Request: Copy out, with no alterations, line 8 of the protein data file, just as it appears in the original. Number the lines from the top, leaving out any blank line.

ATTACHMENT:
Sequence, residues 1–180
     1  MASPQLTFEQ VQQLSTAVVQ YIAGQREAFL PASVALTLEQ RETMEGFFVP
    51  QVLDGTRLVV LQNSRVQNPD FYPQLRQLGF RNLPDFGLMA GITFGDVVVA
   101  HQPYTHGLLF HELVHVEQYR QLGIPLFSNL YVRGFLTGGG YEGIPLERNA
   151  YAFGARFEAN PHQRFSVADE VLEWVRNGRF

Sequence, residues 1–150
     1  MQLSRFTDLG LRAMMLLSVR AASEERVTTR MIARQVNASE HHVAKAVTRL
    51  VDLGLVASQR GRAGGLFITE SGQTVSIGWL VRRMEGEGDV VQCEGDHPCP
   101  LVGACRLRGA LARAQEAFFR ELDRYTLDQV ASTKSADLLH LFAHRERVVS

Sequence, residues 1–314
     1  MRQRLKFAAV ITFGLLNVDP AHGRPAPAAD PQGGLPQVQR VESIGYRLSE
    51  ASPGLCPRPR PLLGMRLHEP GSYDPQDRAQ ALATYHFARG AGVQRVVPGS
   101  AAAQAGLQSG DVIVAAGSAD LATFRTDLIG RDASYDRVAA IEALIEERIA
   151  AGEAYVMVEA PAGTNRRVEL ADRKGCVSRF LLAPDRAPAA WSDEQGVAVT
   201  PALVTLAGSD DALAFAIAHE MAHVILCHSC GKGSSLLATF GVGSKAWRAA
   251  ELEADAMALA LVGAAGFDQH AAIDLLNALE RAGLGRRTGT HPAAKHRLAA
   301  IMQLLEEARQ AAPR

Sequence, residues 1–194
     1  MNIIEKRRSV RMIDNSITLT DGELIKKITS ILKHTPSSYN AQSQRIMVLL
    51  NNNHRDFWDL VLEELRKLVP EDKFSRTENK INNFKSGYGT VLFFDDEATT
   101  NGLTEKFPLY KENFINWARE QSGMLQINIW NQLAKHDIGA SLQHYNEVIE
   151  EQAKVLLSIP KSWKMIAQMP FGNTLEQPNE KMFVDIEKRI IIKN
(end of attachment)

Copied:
    51  VDLGLVASQR GRAGGLFITE SGQTVSIGWL VRRMEGEGDV VQCEGDHPCP